The American Dream is the new American Struggle

“The American mythology that getting a good job requires a college degree is turning out to be a hollow promise, a mythology devoid of any connection to reality,” said John Lawrence in his article “Today’s College Graduates: In Debt and Unable to Find a Job.”

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An American student’s life is as similar as the old Dominican myth of a witch’s wedding day—a sunny day with spontaneous light showers, or a sun shower. It has its great advantages but it is not flawless—it comes with frustration, stress and desperation.

The “American Dream” of graduating from college, finding a great job with great pay, starting a family and living a happy and financially-stabled life isn’t that American anymore—in fact, I do not know in what culture that dream would be more likely to happen.  As a college student in one of the top schools in the nation, Penn State University, I am hoping to graduate and find a well-paying job in journalism, move up in the communications ladder and earn well enough to live well and pay my loans. The problem is that a degree doesn’t guarantee a job anymore and coming from a prestigious school might not be good enough to even get your resume printed out from the Human Resource’s database.

Nobody wants to graduate and move back home and work in a retail store with part-time hours with a bachelor’s degree. I mean, no offense to whoever enjoys retail, but if I wanted to work part-time for the rest of my life in H&M as a sales associate then I wouldn’t be studying abroad in Barcelona at the moment trying to become more competitive in the post-graduation “I need to find a job” field.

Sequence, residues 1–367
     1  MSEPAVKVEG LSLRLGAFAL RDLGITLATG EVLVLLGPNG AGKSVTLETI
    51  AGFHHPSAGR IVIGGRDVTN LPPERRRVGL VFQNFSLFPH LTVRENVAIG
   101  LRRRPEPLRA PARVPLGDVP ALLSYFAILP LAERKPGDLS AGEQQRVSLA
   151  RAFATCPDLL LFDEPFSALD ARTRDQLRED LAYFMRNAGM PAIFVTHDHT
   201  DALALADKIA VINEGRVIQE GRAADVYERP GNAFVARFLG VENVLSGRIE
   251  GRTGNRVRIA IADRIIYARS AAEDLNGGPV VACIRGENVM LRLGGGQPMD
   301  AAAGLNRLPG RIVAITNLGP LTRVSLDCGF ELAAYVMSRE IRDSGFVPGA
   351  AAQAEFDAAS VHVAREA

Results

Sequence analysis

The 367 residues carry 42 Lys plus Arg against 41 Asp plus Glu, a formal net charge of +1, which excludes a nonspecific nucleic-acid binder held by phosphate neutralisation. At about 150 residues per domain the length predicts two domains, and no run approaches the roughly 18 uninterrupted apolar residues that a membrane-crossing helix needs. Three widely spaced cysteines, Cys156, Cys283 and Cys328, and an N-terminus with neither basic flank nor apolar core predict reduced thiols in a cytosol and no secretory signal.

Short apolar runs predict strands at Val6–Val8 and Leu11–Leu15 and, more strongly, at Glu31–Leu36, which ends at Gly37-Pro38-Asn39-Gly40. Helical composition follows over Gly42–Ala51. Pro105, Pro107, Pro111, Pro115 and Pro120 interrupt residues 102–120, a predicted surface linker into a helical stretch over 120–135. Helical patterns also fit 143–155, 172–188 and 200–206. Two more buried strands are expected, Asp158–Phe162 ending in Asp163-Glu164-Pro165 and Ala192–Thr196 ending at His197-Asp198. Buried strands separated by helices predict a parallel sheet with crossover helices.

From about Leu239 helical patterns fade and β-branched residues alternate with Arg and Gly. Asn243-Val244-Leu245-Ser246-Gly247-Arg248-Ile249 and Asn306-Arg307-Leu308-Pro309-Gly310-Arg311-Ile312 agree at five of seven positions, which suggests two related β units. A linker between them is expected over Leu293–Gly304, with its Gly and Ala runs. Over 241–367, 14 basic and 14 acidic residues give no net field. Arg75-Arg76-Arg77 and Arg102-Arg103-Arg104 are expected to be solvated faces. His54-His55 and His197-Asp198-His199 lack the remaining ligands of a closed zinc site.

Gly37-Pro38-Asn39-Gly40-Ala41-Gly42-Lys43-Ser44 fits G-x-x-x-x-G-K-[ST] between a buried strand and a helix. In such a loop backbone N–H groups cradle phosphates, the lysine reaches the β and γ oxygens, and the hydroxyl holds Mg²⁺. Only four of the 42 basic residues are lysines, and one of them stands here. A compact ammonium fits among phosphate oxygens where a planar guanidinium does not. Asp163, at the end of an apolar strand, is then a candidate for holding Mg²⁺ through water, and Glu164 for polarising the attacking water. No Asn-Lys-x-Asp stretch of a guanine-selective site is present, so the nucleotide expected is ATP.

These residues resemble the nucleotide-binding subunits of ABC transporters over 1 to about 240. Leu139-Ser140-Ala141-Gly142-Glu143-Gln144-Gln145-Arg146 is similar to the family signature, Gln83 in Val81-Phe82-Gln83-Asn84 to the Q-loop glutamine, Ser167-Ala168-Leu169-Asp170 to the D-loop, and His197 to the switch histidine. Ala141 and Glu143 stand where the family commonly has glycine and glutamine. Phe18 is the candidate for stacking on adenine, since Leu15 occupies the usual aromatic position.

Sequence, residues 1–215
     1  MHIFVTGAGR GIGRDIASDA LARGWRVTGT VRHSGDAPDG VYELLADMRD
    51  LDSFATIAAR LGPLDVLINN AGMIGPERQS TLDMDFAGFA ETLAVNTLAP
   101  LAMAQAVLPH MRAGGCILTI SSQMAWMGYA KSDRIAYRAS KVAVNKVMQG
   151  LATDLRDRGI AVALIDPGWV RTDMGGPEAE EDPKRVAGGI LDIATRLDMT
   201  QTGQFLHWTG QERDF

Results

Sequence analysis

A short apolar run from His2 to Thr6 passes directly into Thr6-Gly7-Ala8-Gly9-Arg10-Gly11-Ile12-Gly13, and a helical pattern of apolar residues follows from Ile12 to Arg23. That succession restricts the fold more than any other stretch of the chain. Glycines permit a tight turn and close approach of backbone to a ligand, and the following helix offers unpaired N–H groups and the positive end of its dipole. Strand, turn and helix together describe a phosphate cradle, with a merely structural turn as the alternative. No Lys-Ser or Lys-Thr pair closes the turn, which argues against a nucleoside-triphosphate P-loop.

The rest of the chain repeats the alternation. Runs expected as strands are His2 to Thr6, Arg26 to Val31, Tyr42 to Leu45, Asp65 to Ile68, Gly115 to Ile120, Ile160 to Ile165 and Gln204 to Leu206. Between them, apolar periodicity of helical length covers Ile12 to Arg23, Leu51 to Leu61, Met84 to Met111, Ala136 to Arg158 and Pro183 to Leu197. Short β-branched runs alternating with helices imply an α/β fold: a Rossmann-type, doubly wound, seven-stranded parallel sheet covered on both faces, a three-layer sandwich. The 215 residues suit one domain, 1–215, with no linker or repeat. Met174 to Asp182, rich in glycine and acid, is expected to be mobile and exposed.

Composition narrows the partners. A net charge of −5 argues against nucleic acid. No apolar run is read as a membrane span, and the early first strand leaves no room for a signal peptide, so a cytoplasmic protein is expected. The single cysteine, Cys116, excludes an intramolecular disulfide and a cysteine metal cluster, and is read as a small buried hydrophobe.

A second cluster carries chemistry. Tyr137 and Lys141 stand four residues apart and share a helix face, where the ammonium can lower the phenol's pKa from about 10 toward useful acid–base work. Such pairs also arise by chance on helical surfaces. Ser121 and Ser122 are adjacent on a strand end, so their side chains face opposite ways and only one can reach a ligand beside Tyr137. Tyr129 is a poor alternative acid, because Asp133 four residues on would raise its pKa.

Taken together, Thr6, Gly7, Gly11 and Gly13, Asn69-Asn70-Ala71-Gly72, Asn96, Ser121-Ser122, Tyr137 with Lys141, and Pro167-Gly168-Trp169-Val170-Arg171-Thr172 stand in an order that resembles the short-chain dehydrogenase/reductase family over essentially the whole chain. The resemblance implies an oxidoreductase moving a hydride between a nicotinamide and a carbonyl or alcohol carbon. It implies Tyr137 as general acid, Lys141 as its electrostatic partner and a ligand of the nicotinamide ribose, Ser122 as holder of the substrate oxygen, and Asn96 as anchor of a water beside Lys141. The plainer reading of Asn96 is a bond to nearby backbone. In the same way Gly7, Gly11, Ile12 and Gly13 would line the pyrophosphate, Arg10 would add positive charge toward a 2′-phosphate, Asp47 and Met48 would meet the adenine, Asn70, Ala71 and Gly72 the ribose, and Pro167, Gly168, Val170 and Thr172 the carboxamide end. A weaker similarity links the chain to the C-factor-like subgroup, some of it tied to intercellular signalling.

Going to a great and expensive school is a personal choice and that is something that I discussed carefully with my parents before I went through with it and at this point in my life, I do not regret it. It all comes down to the work you put in for the results you want to get in return. It is all about networking and experience and if you cannot do either, then your degree will mean nothing. But even having great experiences on your resume and even better networking skills can backfire on you.

So what is America doing wrong?

There is no way that millions of college graduates are all failures.  According to Lawrence, the 3.7 million job openings that are available require technical skills learned in a vocational school rather than in a prestigious “sitting in class and passing tests “ school.

Dr. Robert Schwartz, a Professor of Practice in Educational Policy and Administration at Harvard Graduate, said “We have a lot of evidence internationally that those education systems that combine workplace and classroom education for most young people from the age of 15 or 16 get better outcomes than those that rely solely on classroom learning.”  If this is the case, then why was I obligated to learn about calculus, the American Revolution and the reproduction system every day when all I ever wanted to do was work in journalism?

“America has set up a class system whereby you are a second class citizen if you don’t graduate from college,” said Lawrence. “Nowhere in the Constitution does it say anything about guaranteeing college graduates a job.”

A few quick things to think about:

Bill Gates: College dropout, Founder of Microsoft
Steve Jobs: College dropout, Founder of Apple
Mark Zuckerbeg: College dropout, Founder of Facebook

Do you see a pattern here? Do you know their net worth?
Good. I just wanted to get my point across.


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